Monday, 16 November 2009

s/e/l/l/o/t/a/p/e - The Forest Cafe Edinburgh 22 Oct 2009

Beginning at the beginning: the Forest Cafe is as usual abuzz with the chattering of the 21st century version of beatniks. People are reading, drinking herbal drinks, eating vegan snacks, sitting on damaged mismatched donated furniture, under hand-decorated walls, house-plants and candles in bottles. A documentary on the Riot Grrl movement is being projected against one wall, but all that can be heard is a mumble. There are maybe two people watching it.

What follows is a series of female hippy guitar and poetry recitals. There's possibly a loose theme of anti-sexism and 'Dear Diary' emotional confessionism. The compère, dressed in punk leather and metal, introduces her own band next. This is their maiden performance, and they sprint through one three chord song with angry Italian lyrics, to a tremendous ovation from an audience that are likely high.

The star of the show, of course, was vikisellotape, and her band s/e/l/l/o/t/a/p/e. Drunk to the point where she could barely stand up, Viki squeezed onto the tiny stage that her other band members had filled up. Sellotape belong to that odd genre "no wave", which uses artiness from bands like The Velvet Underground as the template for lo-fi tunes involving noise, dissonance, broken tempos and non-rhyming phrases. Often they sound improvised, and usually they sound chaotic, which is why it's oh-so-interesting when the band change gears on a penny, be it in tempo or dynamic, and prove that this is exactly how it's supposed to sound.

Guitar is provided by former The Dreamt frontman Andrew R. Hill, who kept the strings glittering through new wave riffs and shoegazing noise, despite a drunken Viki stumbling all over his pedals and kicking out his leads. Bass was equally well executed, whether it was bouncy ska-style riffs or just one single repeating heartbeat note. In fact, the drums were often the only instrument that felt like they were playing the song, and the other instruments created planned chaos around them.

The eye, however, cannot help but be drawn to Viki. Dressed in all black and white, from her white hairband to her chequered short skirt to her two-tone heels, with black makeup and black writing up her arms; whether she's screaming into her mic, like a toddler having a fit, then writhing on the floor like she's in sexual ecstasy, or crawling around like Velma looking for her glasses; Viki is definitely an entertainer, and the booze lowering her inhibitions was like throwing petrol on a tyre fire.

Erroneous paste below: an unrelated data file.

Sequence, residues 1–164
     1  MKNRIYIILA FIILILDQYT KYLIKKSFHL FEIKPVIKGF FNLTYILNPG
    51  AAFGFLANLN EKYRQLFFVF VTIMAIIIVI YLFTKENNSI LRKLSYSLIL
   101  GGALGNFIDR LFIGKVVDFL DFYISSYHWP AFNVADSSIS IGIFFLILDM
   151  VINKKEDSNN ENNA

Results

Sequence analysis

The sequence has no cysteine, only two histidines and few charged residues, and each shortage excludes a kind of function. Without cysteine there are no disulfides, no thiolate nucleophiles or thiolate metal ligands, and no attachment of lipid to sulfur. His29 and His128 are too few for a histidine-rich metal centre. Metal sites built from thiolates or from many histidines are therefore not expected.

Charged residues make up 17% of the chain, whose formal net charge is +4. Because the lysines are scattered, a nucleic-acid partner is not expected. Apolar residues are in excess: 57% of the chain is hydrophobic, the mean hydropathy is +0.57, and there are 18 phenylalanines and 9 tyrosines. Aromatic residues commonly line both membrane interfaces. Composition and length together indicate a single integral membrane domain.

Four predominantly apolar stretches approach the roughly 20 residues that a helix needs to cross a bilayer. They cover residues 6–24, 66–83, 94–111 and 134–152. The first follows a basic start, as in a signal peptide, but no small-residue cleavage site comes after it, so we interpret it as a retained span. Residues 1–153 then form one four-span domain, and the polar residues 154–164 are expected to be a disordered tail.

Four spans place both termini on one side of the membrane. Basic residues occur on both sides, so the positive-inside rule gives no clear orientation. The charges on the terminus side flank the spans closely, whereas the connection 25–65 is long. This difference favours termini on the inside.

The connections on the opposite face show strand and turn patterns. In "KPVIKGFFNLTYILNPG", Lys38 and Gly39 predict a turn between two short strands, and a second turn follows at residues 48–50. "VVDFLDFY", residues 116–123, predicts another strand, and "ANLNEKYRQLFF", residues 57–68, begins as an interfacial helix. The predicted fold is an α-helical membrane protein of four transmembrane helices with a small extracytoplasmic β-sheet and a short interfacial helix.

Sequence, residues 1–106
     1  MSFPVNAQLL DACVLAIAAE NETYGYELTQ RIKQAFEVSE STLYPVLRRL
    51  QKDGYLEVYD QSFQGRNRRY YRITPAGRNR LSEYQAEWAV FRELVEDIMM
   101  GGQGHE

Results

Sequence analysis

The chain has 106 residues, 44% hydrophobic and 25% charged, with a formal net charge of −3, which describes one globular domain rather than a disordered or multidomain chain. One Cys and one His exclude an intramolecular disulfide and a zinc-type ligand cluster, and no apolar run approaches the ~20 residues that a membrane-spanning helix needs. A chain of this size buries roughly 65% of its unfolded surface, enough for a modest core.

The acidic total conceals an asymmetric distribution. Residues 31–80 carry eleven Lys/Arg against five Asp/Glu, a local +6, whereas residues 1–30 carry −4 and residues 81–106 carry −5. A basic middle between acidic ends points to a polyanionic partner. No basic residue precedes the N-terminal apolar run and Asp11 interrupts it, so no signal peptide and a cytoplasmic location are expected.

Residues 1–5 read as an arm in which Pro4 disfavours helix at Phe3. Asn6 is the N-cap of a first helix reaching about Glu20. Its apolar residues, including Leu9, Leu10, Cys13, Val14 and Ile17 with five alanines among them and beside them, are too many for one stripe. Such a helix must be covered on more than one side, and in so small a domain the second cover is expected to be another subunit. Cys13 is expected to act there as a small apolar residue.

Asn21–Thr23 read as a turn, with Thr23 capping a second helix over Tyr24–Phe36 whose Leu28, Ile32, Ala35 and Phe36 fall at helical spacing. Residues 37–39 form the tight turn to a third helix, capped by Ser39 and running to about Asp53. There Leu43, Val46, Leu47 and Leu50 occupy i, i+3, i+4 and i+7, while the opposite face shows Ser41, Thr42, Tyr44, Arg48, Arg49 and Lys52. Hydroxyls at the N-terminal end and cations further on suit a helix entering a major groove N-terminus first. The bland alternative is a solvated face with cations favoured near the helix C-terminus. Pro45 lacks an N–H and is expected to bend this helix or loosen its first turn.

Her occasional bursts of synthesizer couldn't really be heard in this venue of fifth-hand equipment, but it was probably just as well, as she might not have been able to see the keys. The lyrics explore such Kafka-esque concepts as cutting off, then reattatched a mammary gland on 'My Left Tit' and curbing instability and violent thoughts on 'Plastic Bag'.

In many ways, this was the best environment to experience Sellotape. The ludicrous melting pot of alternative cultures, the extensive inebriation of the frontgirl, a tattered drum kit and PA on their very last legs, they all amplified the extroverted entropy that the songs expose.
 Myke Hall

Wednesday, 11 November 2009

Mudhoney and The Vaselines - HMV Picturehouse Edinburgh 9 Oct 2009

The Scottish band The Vaselines are well known in the world of grunge, perhaps most famously because their song Jesus Wants Me for a Sunbeam (also known as 'Jesus Doesn't Want Me for a Sunbeam') was performed by Nirvana during their 'MTV Unplugged in New York' performance. While they do seem to fit well on a grunge bill, with their DIY production style and use of overdrive, a Scottish ear hears differently. The band are more reminiscent of dreich Scots folk-indie bands like Belle and Sebastian, Arab Strap or St Jude's Infirmary - it’s a band type we are quite familiar with. The two vocalist/guitarists, Eugene and Francis, share the spotlight like a brother and sister. Gracious enough to let the other have attention, but with a natural rivalry underneath, like they are craving Mummy's attention. (In this metaphor, the crowd is Mummy). Oh, and apparently they have differing opinions on thongs 9the girl likes them, the guy doesn't). Joined by a calm bassist and a slightly more enthusiastic drummer, the band have indeed aged since their late 80s heyday, and the nine year gap in their career prior to the 2006 reunion may have sapped some of the juice out of their punk spirit, but the band still chime and thrash in equal measure and seem genuinely pleased to be playing to a crowd.

Mudhoney (Photo by Richard Dyson) love to rock out. Of that there can be no denying. With a buzz sound on the bass and clattering drums, the lead singer pulls his best moves on stage. There's a lot of Mick Jagger going on there, and maybe just a hint of Ian Brown. The songs are made up of fast paced distorted power riffs, and yelled choruses. However, it’s not until the singer straps on a guitar that things really start to heat up. The lyrics are all things the previously-disillusioned former-youth audience should be familiar with, but may be new to the post-emo young of today: confusion, sexual frustration and sickness. Never is this more exemplified that in the fan favourite Touch Me I'm Sick, which the band recently told The Skinny would be great for a drain cleaner commercial.

While some argue that grunge music is no longer culturally or musically relevant, a resurgance of interest in bands like The Melvins, Alice in Chains, and Mudhoney themselves seems to suggest otherwise. Either way, it’s great to see one of the original Seattle sound grunge bands live and on form.
Myke Hall